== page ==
3.4. Baseline nociceptive sensitivities of GlyRα3(S346A) point-mutated mice
As the next step, we compared the somatosensory and nociceptive sensitivity of naive wild-type and homozygous GlyRα3(S346A) point-mutated mice (Fig. 4). No significant difference in response latencies were found between these mouse lines upon exposure to noxious heat (wild-type (n = 10): 20.0 ± 1.4 s vs S346A point-mutated mice (n = 14): 21.3 ± 0.9 s; unpaired t test; P = 0.47) and noxious cold (wild-type (n = 10): 5.2 ± 0.3 s vs S346A point-mutated mice (n = 9): 5.4 ± 0.3 s; unpaired t test; P = 0.72) (Figs. 4A and B). Similarly, no differences were detected in response frequencies upon noxious mechanical stimulation (pin-prick response score; Fig. 4C) (wild-type (n = 5): 0.8 ± 0.06 vs S346A point-mutated mice (n = 7): 0.81 ± 0.05; P = 0.91, unpaired t test), in response thresholds upon exposure to punctuate mechanical stimuli applied with von Frey filaments (Fig. 4D) (wild-type (n = 10): 4.2 ± 0.2 g vs S346A point-mutated mice (n = 12): 4.2 ± 0.1 g; P = 0.87, unpaired t test). Similarly, no differences were observed in response frequencies (scores) upon brush stimulation (wild-type (n = 7): 0.88 ± 0.051vs S346A point-mutated mice (n = 6) 0.92 ± 0.053; P = 0.64, unpaired t test) (Fig. 4E). In addition, no difference was found in the rotarod performance between genotypes (wild-type (n = 5): 117.7 ± 15.1 s vs S346A point-mutated mice (n = 8): 92.0 ± 10.8 s; P = 0.19, unpaired t test) (Fig. 4F).
3.5. Lack of hyperalgesic effects of intrathecal prostaglandin E2 in GlyRα3(S346A) point-mutated mice
Previous work has shown that GlyR α3-deficient mice were protected from the behavioral pain sensitization elicited by spinal PGE2.13,27 We repeated these experiments in GlyRα3(S346A) point-mutated mice and injected PGE2 (0.4 nmoles in 5 µL ACSF) intrathecally (ie, into the subarachnoid space) at the level of the lumbar spinal cord. As expected, in wild-type mice, PGE2 induced a transient mechanical hyperalgesia lasting for several hours. No such hyperalgesia was observed in GlyRα3(S346A) point-mutated mice (Figs. 5A and B). Two-way repeated measures ANOVA revealed significant time * genotype interactions for both sensory tests (Hargreaves: F(5,80) = 31.41, P < 0.0001; von Frey: F(5,80) = 13.05, P < 0.0001). Bonferroni post hoc tests identified significant differences between the 2 genotypes at 30, 60, 90, and 120 min after PGE2 injection (P < 0.001 for 30, 60, 90, and 120 min for both Hargreaves and von Frey tests). No statistically significant heat sensitization was detected in homozygous GlyRα3(S346A) point-mutated mice (1-way repeated measures ANOVA; F(5,40) = 1.30; the Dunnett multiple comparison test P ≥ 0.3 for all time points). Similarly, no statistically significant mechanical sensitization was detected in homozygous GlyRα3(S346A) point-mutated mice (1-way repeated measures ANOVA; F(5,40) = 2.38; the Dunnett multiple comparison test P ≥ 0.06 for all time points).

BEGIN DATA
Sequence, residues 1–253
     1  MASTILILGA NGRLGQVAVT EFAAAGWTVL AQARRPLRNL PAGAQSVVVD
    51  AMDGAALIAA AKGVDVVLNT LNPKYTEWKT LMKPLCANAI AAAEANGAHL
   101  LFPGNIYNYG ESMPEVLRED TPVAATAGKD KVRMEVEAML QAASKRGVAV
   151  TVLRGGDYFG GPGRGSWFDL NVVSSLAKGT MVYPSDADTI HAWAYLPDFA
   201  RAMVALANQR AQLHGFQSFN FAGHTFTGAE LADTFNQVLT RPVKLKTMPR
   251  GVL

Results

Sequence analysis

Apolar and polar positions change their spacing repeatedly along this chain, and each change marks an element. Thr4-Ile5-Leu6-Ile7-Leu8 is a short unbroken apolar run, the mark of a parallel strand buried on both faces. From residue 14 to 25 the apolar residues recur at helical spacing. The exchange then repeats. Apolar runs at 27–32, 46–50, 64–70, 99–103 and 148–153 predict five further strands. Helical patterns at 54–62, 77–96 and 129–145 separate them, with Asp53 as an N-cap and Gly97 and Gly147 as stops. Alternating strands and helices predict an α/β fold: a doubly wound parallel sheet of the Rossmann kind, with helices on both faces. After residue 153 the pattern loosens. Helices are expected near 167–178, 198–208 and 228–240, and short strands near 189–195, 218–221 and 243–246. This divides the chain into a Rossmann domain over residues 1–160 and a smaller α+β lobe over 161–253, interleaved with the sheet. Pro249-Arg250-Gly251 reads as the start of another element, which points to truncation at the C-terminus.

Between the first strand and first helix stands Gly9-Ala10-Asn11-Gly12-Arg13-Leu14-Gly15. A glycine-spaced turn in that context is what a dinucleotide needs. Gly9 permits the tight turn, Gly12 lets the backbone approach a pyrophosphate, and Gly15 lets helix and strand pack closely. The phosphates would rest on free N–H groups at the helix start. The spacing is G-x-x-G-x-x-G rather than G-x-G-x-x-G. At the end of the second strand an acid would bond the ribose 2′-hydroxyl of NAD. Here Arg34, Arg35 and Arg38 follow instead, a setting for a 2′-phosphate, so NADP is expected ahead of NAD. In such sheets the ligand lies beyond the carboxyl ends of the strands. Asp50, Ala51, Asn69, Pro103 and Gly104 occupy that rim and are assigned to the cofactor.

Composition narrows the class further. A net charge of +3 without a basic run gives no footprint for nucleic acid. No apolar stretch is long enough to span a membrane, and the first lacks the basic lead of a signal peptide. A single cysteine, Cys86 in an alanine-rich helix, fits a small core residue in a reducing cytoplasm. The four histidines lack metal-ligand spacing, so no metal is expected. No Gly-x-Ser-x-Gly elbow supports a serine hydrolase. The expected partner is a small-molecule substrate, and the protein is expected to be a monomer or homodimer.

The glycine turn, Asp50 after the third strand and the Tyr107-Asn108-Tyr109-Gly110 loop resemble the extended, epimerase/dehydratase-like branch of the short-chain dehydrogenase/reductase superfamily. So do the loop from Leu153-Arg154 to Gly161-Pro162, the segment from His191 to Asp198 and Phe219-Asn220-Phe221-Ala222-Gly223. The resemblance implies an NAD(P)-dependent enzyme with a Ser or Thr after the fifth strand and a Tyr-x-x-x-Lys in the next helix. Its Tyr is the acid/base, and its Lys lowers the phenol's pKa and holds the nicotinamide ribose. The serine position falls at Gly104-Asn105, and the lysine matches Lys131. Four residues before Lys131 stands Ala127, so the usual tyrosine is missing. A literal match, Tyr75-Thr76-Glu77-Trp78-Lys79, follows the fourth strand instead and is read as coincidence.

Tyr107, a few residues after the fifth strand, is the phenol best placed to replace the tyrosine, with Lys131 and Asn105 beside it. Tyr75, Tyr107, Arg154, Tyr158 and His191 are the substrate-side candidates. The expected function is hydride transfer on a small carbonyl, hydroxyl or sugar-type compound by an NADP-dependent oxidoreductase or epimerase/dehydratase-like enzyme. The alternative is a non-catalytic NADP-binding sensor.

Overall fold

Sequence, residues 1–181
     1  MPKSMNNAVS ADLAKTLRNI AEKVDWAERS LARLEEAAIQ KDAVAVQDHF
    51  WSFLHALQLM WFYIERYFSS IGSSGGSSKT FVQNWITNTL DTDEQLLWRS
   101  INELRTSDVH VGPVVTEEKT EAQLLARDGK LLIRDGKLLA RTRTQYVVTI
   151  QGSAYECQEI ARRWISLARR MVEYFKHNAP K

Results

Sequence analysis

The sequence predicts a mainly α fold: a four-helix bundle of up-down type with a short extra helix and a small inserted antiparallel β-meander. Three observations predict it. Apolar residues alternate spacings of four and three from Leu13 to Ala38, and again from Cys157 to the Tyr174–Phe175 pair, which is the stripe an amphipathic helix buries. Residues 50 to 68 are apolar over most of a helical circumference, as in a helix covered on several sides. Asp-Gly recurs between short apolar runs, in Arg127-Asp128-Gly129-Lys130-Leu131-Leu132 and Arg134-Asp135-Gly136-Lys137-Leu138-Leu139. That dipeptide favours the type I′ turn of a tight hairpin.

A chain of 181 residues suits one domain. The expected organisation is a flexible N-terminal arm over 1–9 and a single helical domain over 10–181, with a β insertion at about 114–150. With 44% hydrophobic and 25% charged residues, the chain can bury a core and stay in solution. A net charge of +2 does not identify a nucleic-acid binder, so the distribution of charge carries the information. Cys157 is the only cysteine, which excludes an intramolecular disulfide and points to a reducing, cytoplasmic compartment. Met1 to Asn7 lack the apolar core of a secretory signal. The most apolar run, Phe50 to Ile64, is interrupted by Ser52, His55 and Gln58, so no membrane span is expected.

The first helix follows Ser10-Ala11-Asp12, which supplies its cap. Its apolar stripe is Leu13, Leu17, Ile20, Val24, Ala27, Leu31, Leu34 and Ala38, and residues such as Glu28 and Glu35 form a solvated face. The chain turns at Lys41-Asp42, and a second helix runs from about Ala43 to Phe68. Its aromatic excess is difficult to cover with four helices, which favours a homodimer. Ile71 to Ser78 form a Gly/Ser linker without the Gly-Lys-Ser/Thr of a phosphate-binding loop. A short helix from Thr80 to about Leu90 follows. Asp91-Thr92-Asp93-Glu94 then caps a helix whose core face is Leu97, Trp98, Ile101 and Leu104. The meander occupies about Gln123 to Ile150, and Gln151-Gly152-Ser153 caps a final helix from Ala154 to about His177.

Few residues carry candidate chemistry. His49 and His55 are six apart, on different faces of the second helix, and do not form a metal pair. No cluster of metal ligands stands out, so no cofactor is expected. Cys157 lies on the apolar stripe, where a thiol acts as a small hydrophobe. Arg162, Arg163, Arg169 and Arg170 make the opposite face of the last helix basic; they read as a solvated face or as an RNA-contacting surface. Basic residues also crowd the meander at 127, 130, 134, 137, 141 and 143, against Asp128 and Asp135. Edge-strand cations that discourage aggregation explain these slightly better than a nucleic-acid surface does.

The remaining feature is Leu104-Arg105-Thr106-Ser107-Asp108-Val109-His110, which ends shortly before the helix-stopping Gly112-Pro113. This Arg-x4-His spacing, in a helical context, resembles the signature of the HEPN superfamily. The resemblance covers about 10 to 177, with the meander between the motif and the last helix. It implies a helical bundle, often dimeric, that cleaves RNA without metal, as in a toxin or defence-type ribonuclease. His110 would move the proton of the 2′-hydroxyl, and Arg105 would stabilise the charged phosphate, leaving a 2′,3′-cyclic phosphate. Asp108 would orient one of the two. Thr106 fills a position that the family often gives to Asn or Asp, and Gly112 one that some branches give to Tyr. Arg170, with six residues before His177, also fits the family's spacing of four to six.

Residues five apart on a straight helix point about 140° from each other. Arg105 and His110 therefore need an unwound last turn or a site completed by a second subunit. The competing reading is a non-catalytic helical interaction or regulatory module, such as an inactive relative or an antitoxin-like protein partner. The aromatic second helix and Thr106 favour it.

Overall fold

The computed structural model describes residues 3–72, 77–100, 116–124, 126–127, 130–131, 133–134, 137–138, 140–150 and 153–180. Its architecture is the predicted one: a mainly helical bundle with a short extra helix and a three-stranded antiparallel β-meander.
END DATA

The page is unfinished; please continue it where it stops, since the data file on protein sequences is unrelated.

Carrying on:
3.6. Reduced inflammatory hyperalgesia but retained neuropathic sensitization after peripheral nerve injury
We next used the zymosan A model to induce peripheral inflammation in the left hind paw. Previous work has shown that in this model, heat hyperalgesia and mechanical hyperalgesia depend on spinal PGE2 formation and that GlyR α3-deficient mice exhibit less hyperalgesia in this model than wild-type mice.27 We therefore tested GlyRα3(S346A) point-mutated also in the zymosan A model and injected zymosan A (0.06 mg in 20 µL saline) subcutaneously into the left hind paw. Relative to their wild-type littermates, GlyRα3(S346A) point-mutated developed significantly less inflammatory hyperalgesia. In case of the Hargreaves test, 2-way repeated measures ANOVA revealed a significant time * genotype interaction (F(6,84) = 5.93; P < 0.0001; n = 9 and 7 for wild-type and S346 point-mutated mice mice). Significant differences between genotypes were found for day 1 (P < 0.0001), day 2 (P < 0.01), day 3 (P < 0.001), and day 4 (P < 0.01)) (Fig. 5C). A similar time * genotype interaction was also found for the von Frey test ((F(6,84) = 7.27; P < 0.0001; n = 9 and 7 for wild-type and S346A point-mutated mice). In this test, significant differences between genotypes were again found for day 1 (P < 0.0001), day 2 (P < 0.0001), day 3 (P < 0.0001), and day 4 (P < 0.01)) (Fig. 5D). We used 1-way repeated measures ANOVA to test whether in GlyRα3(S346A) point-mutated mice developed significant heat or mechanical hyperalgesia. No such heat sensitization was detected in either the Hargreaves test (1-way repeated measures ANOVA; F(6,36) = 2.6, the Dunnett multiple comparison test P ≥ 0.14 for all time points) or the von Frey test (F(6,36) = 3.53, the Dunnett multiple comparison test P ≥ 0.08 for all time points).
We also tested whether wild-type mice and GlyRα3(S346A) point-mutated mice would differ in their mechanical or thermal hypersensitivity developed in response to a peripheral nerve injury induced by a chronic constriction injury of the sciatic nerve. In these experiments, we found indistinguishable heat and mechanical hyperalgesia 7 days after chronic ligation of the sciatic nerve (Figs. 5E and F) (Hargreaves: wild-type (n = 9): 5.48 ± 0.41 s; S346A (n = 7): 4.35 ± 0.39 s; P = 0.07, unpaired t test. von Frey: wild-type (n = 8): 1.33 ± 0.06 g; S346A (n = 7): 1.41 ± 0.09 g; P = 0.46, unpaired t test), again consistent with previous reports showing that α3GlyRs are is not directly involved in the neuropathic pain development or maintenance.14,15